The Museum of Modern Art published the following great video on why people used to be able to marvel at very first movies made. We may think they were of pretty bad quality because we’ve only seen bad reproductions. But the originals must have looked startlingly realistic. Via Aeon.

For the latest edition of How to See, we visited MoMA’s film archives in Hamlin, Pennsylvania to learn more about the incredible quality and clarity of this newly discovered nineteenth-century movie, and the efforts archivists make to preserve such irreplaceable snapshots of history. Curator Dave Kehr joins the discussion to help us look at the early film with the same awe-inspired, expanded view of the world of its first audiences.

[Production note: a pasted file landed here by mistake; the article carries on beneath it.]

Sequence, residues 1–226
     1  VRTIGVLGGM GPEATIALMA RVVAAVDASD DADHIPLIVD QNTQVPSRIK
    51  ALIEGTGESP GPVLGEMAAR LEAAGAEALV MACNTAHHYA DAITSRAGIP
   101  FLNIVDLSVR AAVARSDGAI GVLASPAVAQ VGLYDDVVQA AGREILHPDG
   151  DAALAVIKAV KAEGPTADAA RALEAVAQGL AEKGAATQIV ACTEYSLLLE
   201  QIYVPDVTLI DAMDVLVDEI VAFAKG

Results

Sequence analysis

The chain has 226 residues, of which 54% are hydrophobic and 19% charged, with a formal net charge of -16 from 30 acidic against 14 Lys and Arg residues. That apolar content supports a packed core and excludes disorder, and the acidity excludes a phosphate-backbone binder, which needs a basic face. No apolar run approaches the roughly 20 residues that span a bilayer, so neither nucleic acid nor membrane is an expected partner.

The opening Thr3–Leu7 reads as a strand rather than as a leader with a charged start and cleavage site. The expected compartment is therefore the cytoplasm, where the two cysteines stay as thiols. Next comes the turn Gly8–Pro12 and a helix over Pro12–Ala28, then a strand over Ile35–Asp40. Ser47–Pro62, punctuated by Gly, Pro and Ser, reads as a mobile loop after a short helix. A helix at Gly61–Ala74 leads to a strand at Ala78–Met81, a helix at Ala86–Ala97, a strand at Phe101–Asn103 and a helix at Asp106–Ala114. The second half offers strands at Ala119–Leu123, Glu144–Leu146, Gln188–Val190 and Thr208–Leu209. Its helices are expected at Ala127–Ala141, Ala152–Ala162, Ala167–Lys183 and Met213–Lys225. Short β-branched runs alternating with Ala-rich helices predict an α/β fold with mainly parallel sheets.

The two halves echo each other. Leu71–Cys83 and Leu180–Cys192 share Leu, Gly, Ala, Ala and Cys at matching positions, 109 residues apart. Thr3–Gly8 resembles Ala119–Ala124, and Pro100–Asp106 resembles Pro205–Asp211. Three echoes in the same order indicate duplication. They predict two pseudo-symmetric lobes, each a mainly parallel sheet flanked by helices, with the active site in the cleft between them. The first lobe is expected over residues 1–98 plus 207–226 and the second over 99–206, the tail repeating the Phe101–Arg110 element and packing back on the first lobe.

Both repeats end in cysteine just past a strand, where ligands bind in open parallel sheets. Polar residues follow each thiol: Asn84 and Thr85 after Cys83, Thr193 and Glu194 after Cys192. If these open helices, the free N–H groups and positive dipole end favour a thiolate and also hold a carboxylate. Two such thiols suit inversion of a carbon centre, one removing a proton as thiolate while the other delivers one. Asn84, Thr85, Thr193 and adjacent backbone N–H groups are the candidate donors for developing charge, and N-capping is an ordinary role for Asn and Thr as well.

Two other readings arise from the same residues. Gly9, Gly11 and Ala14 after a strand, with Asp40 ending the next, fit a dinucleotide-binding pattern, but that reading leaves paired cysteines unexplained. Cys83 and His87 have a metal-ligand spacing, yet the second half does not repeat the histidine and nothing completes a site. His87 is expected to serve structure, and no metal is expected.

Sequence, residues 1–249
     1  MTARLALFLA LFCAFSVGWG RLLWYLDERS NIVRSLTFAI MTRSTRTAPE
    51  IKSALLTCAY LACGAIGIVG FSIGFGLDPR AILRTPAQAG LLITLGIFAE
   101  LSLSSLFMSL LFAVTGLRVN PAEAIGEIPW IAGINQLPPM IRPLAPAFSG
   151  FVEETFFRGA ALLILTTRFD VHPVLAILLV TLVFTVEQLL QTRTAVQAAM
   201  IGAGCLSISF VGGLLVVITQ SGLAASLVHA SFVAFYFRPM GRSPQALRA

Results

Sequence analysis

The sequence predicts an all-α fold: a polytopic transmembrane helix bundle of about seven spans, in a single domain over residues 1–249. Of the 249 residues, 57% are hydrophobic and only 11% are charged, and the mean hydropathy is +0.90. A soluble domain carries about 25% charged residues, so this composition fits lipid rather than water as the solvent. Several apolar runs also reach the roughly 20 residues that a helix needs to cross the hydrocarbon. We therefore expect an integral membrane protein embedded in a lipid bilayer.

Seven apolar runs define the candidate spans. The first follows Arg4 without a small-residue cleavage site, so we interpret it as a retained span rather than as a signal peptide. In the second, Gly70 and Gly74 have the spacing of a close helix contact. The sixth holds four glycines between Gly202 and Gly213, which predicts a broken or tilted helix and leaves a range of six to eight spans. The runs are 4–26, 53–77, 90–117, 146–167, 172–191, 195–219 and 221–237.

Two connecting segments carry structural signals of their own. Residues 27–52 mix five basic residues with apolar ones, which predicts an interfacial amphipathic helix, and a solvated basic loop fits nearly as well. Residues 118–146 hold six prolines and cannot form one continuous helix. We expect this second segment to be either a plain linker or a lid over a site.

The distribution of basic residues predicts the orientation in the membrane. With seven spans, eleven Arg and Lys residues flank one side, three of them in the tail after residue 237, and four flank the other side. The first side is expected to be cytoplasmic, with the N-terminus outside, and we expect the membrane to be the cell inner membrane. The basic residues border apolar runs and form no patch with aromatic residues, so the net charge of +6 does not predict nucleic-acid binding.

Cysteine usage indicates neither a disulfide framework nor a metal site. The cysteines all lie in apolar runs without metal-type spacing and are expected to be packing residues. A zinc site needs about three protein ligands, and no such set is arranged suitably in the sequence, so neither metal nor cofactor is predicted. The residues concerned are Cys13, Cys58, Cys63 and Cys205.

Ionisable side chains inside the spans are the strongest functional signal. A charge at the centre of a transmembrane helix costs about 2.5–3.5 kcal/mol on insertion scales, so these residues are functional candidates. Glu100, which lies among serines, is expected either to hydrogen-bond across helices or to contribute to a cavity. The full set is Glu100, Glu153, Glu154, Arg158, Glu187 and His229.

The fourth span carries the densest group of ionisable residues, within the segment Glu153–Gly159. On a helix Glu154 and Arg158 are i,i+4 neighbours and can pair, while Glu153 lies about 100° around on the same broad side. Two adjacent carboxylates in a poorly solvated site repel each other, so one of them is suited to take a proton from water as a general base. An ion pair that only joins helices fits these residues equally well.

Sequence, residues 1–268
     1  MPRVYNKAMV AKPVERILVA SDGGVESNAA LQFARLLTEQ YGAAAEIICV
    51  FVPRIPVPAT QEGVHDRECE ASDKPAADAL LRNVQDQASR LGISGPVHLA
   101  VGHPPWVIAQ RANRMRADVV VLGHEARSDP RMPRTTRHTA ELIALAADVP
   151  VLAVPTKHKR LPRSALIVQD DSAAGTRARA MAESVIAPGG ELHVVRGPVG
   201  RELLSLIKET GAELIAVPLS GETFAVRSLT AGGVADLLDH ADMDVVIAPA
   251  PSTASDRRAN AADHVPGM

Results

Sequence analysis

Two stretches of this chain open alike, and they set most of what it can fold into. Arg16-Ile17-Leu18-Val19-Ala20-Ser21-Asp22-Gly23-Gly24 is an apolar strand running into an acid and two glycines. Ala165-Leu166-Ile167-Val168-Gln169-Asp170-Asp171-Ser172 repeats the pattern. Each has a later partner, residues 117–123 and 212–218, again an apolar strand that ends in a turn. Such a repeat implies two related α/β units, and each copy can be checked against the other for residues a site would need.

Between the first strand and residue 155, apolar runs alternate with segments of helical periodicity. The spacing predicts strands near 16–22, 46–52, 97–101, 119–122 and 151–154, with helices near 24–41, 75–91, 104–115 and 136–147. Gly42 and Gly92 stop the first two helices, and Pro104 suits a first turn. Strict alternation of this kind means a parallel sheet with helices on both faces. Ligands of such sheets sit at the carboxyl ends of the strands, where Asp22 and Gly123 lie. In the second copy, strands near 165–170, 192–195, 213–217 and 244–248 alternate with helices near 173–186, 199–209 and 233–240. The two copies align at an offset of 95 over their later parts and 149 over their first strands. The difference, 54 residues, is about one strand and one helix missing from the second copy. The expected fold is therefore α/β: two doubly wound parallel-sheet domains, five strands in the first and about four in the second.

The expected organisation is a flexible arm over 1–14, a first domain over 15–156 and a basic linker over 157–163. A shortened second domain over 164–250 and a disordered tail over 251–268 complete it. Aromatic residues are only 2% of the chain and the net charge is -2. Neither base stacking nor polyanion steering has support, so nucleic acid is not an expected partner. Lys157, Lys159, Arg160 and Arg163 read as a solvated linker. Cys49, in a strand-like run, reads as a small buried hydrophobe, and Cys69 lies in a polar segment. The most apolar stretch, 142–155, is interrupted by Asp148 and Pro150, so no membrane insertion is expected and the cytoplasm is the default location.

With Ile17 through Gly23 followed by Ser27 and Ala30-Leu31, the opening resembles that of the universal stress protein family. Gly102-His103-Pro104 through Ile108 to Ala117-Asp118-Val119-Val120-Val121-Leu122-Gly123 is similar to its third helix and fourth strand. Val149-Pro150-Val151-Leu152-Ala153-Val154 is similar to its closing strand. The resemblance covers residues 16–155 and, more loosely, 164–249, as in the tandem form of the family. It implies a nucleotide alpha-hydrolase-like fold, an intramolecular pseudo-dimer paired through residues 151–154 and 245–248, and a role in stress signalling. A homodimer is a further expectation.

A good example of invisible work - The History of Female [Movie] Editors.

Tangerines (2013)

You’re sitting on an Estonian chair In an Estonian home On Abkhazian land With Estonia holding the presidency of the Council of the European Union in the second half of 2017, I had the pleasure of seeing the movie Tangerines (Mandariinid, 2013) at the Joint Research Center (JRC) in Ispra, Italy. The movie is set in an unnamed Estonian village in Georgia during the 1992-1993 Georgian-Abkhaz war. All of the population of the village returned back to Estonia after the war broke out, expect for two men who stay behind.

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